Lisa Levin, a biological oceanographer at Scripps Institution of Oceanography at the University of California San Diego, will receive the A.C. Redfield Lifetime Achievement award from the Association of the Sciences of Limnology and Oceanography (ASLO) on Wednesday.
The Redfield Award honors major, long-term achievements in the fields of limnology (the study of lakes) and oceanography, including research, education, and service to the community and society. The association cited her “extraordinary long-term contributions to understanding the composition and function of seafloor ecosystems, and for her leadership in identifying and communicating anthropogenic pressures on aquatic ecosystems, with relevance to policies for sustainable and healthy seas.”
The award will be presented in Portland, Oregon at the Ocean Sciences Meeting, which is co-sponsored by ASLO and the American Geophysical Union.
“This was completely unexpected and I am incredibly humbled by this honor,” said Levin, who has worked at Scripps Oceanography since 1992. “My contributions stem largely from my association with extraordinarily talented mentors, students, and collaborators over the last 40 years and I thank them sincerely.”
ASLO noted that in the 36 years since her first publication, Levin has had a profound influence in marine science through her broad research portfolio, creative teaching, dedicated mentorship of young scientists, and commitment to outreach and stewardship of deep-sea ecosystems. Levin’s research in areas such as larval dispersal, hypoxia, and deep-sea biodiversity, is known for its rigor and scientific insights.
Levin’s more than 230 papers have been cited more than 20,000 times, with 59 of her papers having more than 100 citations each. These statistics reveal a publication record that is impressive in reach and influence, and are a testament to her work’s impact across numerous subdisciplines of marine science.
A hallmark of Levin’s career has been pioneering the use of new technology and methodology. She helped lead the first use of isotope-labeling tools for examining food chains in the deep sea. She was also first to use trace elemental fingerprinting for tracking invertebrate larvae to study connectivity of marine habitats. Throughout her career, Levin has combined a variety of classical and modern (including the use of submersibles and remotely operated vehicles) methods in her work, demonstrating that the ecology of even the most remote ocean environments can be quantitatively studied.
Known in the ocean sciences community for her “insight, collaborative spirit and tireless dedication to deep-sea research,” Levin has been a leader in advancing conservation and observation of deep sea ecosystems. She served as director for Scripps’ Center for Marine Biodiversity and Conservation (CMBC) for six years, founded and co-leads the Deep Ocean Stewardship Initiative (DOSI), and has been instrumental in efforts to develop the Deep Ocean Observing Strategy (DOOS), a global initiative to provide novel insights into this unexplored frontier.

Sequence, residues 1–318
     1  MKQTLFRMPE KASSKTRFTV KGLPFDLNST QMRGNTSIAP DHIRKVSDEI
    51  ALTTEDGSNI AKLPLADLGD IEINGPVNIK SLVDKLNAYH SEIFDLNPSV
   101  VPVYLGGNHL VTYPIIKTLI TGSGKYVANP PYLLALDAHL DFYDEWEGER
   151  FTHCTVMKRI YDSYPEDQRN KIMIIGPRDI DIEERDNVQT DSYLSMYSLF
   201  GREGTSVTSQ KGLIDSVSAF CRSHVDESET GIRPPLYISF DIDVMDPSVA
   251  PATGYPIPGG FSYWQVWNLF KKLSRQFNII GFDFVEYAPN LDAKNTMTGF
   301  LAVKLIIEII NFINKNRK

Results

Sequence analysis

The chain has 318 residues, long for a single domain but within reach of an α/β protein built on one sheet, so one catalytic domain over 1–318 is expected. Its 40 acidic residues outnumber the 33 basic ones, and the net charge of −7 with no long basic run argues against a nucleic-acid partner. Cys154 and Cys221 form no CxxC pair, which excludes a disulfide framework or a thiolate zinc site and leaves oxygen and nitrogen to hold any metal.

A recognized and respected voice on threats to aquatic ecosystems, Levin’s reviews, commentaries, and policy papers can be found in venues such as Science and Nature. She has served numerous roles in the scientific community, such as editor to many journals and is a frequent session chair at ASLO and other conferences. She regularly communicates with decisionmakers, ranging in scope from local advisory boards to global assemblies such as the International Seabed Authority and United Nations Climate Change Conference.
Levin has mentored more than 30 graduate students and 35 undergraduate students. As director of CMBC, she developed interdisciplinary approaches to teaching ocean science in master’s and PhD programs, extending her influence to multiple institutions. She has contributed internationally as well, serving as a visiting professor in Namibia and South Africa and as a lecturer in Senegal, Chile, and Peru.
ASLO is an international aquatic science society that was founded in 1948. For more than 60 years, it has been the leading professional organization for researchers and educators in the field of aquatic science. The purpose of ASLO is to foster a diverse, international scientific community that creates, integrates, and communicates knowledge across the full spectrum of aquatic sciences, advances public awareness and education about aquatic resources and research, and promotes scientific stewardship of aquatic resources for the public interest. Its products and activities are directed toward these ends. With more than 3,500 members worldwide, the society has earned an outstanding reputation and is best known for its journals, interdisciplinary meetings, and special symposia.
“The A.C. Redfield Lifetime Achievement award honors individuals who have excelled in all arenas of a scientific career: research, education, and service,” said ASLO President Linda Duguay. “Lisa Levin is an extraordinary scientist and richly deserving of this award. Lisa's contributions to deep-sea biology research and the education of the next generation have been enormous. Her current work at the UN Climate Change Conferences and with the IPCC (Intergovernmental Panel on Climate Change) informs world policy and shines a light on the massive importance of the deep-sea domain in carbon cycling.”
The award is named for Alfred C. Redfield (1890-1983), a Woods Hole Oceanographic Institution marine biologist who performed pioneering research in marine ecology and biogeochemistry.